Water water everywhere but not a drop to drink.

With over 7 billion humans currently alive on Earth, water is beginning to become a growing concern. This concern is due to a combination of the sheer number of people as well as the global locations that humans have built their cities.

Seventy-one percent of the Earth is water, and if you have ever flown overseas it sometimes feels like a lot more. However, of that 71% only 2.5% is fresh water and as populations continue to increase, that amount will need to go even further to sustain people, crops and livestock as none of these can drink salt water.

Or can they? With massive droughts on the west coast of the United States, many are looking towards desalination as a means of increasing our supply of drinkable water. Many developed, desert areas of the world already use this technique in order to sustain themselves.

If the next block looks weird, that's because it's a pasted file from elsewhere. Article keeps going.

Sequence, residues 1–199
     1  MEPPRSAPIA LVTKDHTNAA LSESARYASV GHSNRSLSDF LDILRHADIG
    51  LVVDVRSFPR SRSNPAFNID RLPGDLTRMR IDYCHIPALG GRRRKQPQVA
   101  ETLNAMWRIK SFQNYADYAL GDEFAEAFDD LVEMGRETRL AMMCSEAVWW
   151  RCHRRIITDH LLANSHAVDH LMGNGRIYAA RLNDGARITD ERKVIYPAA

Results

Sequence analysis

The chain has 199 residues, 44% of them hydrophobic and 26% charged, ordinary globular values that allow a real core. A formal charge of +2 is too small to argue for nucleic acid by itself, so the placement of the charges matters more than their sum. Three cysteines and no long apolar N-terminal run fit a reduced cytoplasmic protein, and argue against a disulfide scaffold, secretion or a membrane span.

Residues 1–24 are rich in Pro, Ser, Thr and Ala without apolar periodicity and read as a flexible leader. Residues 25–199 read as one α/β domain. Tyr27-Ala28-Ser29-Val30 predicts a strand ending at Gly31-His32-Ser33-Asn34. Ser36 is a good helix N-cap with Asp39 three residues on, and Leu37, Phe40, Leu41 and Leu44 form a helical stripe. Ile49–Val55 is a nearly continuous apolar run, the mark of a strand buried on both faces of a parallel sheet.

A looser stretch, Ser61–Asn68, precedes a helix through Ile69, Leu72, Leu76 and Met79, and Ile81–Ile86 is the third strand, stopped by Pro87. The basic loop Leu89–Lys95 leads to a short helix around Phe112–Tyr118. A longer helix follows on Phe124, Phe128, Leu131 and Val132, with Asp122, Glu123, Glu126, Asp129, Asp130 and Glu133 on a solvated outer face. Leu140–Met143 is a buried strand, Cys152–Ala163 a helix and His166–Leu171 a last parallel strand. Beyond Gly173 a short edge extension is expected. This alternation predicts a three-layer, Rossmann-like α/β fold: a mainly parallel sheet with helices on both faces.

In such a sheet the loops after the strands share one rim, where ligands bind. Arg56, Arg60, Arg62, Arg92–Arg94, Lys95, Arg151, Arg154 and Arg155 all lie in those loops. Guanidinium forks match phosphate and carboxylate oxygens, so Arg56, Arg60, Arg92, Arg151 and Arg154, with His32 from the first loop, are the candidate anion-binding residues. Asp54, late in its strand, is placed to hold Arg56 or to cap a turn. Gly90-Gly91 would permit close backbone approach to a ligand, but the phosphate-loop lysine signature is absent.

The process, when it first came to light in the mid 1900’s, simply evaporated salt water and then collected the condensation which was then pure distilled water. The technology has come a long way since those times and now relies on osmosis technology to quickly and effectively remove the salt.

The entire process is not without concerns however. Many environmentalists fear for the disruption of ocean habitats due to the constant removal of ocean water. At the same time, these desalination plants have a significant carbon footprint. So much so that it can take upwards of 10 years to break ground on one, given the government red tape and required permits.

With the world moving towards green energy, do you think that desalination plants are the future or is the world in need of a different option?